They will be the first men ever to stand on another body out in space and look at their own world, there in the sky far away.
To those men on the Moon our Earth will seem very large indeed. We ourselves know how big the Moon can look to us on a clear night when it is full and bright. But the Moon is, of course, very much smaller than our Earth. Therefore our globe, when those space-men look over towards it from the Moon, will appear far bigger than the Moon ever does to us.
Actually the diameter of the Moon is only a trifle over 2,000 miles as against our Earth's diameter of just on 8,000 miles. so to the eyes of those explorers, standing, say, on some bleak lunar mountain-side and peering out across the void, our Earth would look quite a huge body suspended away there in the distant sky. But its details would not stand out so clearly to them as do those on the Moon to us. This would be due to the belt of air, mist and cloud which surrounds our Earth, and which would screen to some extent any outside view.
Those looking from the Moon would be able to pick out the great land zones on our Earth, and to see the difference between continents and oceans, while the North and South Poles would stand out clearly enough against the darker background. And there would be deserts like the Sahara which would catch the eye.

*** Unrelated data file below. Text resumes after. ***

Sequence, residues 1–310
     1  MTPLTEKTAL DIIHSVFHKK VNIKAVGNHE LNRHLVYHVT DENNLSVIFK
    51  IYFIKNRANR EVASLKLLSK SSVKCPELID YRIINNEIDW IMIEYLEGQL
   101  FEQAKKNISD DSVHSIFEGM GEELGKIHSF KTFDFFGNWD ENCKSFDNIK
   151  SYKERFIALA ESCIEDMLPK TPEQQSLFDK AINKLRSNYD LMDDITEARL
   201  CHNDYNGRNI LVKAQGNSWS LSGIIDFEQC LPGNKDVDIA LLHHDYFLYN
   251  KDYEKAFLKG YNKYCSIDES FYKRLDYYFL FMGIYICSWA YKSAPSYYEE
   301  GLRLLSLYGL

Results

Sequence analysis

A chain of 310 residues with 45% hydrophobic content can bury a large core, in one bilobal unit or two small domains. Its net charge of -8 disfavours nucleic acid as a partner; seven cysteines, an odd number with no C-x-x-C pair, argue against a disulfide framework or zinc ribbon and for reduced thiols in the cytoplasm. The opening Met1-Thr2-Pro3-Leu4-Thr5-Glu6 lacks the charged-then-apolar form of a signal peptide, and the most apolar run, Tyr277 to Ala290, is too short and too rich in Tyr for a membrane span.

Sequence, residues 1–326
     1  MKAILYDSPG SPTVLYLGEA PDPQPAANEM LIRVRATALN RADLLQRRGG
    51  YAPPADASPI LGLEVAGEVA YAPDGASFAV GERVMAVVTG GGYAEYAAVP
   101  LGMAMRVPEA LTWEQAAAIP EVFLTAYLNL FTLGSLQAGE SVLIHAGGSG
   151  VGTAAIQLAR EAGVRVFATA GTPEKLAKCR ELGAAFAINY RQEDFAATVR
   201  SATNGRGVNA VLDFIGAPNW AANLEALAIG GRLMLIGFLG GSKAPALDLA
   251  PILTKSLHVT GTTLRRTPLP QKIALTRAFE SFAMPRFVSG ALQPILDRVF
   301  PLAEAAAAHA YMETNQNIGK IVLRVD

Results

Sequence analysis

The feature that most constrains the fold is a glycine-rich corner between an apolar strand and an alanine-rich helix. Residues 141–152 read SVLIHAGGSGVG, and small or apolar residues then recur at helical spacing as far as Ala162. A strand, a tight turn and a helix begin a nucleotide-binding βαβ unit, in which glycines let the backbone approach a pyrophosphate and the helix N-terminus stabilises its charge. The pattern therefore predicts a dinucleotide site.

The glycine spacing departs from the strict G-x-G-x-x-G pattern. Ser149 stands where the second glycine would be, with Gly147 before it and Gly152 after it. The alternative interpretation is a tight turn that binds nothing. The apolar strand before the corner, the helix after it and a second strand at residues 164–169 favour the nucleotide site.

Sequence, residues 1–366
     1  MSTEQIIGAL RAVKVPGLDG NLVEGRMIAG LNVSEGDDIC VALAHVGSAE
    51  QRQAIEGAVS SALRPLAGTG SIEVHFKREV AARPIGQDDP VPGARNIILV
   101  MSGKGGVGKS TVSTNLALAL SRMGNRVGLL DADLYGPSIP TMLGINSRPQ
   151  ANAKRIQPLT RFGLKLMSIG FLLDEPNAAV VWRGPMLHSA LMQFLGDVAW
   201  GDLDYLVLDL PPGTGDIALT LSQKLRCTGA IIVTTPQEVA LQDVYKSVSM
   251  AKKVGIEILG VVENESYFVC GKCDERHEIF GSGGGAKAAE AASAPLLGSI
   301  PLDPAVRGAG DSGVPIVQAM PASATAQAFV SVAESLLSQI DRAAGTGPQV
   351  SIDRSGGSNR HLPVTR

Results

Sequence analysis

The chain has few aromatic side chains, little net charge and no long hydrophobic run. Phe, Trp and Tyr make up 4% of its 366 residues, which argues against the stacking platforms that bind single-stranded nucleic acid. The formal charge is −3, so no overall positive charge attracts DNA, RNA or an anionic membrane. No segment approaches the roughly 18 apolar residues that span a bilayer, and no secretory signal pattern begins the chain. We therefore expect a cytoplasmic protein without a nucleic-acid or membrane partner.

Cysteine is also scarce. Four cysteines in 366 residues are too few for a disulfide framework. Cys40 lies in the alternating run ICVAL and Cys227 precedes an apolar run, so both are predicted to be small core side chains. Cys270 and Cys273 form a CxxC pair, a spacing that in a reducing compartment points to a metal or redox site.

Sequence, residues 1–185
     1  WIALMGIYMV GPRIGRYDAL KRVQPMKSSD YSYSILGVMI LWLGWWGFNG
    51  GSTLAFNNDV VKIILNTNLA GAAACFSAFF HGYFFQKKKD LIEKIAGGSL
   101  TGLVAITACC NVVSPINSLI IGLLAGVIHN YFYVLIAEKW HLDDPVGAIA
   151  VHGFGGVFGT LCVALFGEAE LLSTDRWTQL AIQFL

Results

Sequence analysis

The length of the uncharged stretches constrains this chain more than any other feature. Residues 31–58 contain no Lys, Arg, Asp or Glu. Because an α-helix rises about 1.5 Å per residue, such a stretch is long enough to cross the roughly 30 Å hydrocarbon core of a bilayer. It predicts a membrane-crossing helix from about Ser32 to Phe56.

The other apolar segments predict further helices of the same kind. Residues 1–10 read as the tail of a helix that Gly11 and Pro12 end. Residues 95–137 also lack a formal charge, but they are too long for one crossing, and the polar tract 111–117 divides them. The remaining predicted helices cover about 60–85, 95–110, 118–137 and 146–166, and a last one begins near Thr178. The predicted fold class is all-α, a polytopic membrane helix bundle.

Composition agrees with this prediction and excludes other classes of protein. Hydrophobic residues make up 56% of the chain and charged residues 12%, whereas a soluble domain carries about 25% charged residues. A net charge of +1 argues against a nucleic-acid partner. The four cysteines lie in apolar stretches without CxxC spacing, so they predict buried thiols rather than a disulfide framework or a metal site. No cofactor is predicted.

There is one thing we must get clearly in our minds about the first voyage of man from our Earth across to the Moon.
We must look on it as a sort of preliminary test flight, as just a beginning of the great coming era of space travel - that era in which men will be venturing farther and farther in their journeyings to other worlds.
As soon as our first Moon explorers have returned from their pioneer voyage, and have been given the congratulations and the honours which they will so richly deserve, they will give lectures before our famous scientific societies, and show the wonderful films and photographs they took while on the Moon.
They will also be talking over with space-ship experts all they have learned in the handling and navigation of their vessel, and it will be these first lessons in actual space-flight which will be taken advantage of in designing the still bigger and more powerful machines in which, as soon as everything is ready, voyagers will start out across space on those journeys that will take them to the planets whose orbits, or movements round the Sun, bring them nearest to our Earth.
Yes, the whole world will unite in saluting the first men on the Moon!
Monochromatic World by Ugress
Monochromatic World by Ugress